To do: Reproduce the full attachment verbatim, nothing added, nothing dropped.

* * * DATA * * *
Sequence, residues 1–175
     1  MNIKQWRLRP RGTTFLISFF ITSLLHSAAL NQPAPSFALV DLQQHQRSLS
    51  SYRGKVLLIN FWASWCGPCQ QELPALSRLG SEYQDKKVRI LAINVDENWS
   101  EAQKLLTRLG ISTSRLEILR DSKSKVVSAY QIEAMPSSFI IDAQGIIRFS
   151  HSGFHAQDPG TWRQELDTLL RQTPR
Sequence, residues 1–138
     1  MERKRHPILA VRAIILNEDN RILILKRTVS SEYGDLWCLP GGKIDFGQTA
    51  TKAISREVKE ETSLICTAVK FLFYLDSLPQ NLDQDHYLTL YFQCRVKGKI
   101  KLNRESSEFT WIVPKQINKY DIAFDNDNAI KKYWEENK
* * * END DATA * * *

Sequence, residues 1–175
     1  MNIKQWRLRP RGTTFLISFF ITSLLHSAAL NQPAPSFALV DLQQHQRSLS
    51  SYRGKVLLIN FWASWCGPCQ QELPALSRLG SEYQDKKVRI LAINVDENWS
   101  EAQKLLTRLG ISTSRLEILR DSKSKVVSAY QIEAMPSSFI IDAQGIIRFS
   151  HSGFHAQDPG TWRQELDTLL RQTPR
Sequence, residues 1–138
     1  MERKRHPILA VRAIILNEDN RILILKRTVS SEYGDLWCLP GGKIDFGQTA
    51  TKAISREVKE ETSLICTAVK FLFYLDSLPQ NLDQDHYLTL YFQCRVKGKI
   101  KLNRESSEFT WIVPKQINKY DIAFDNDNAI KKYWEENK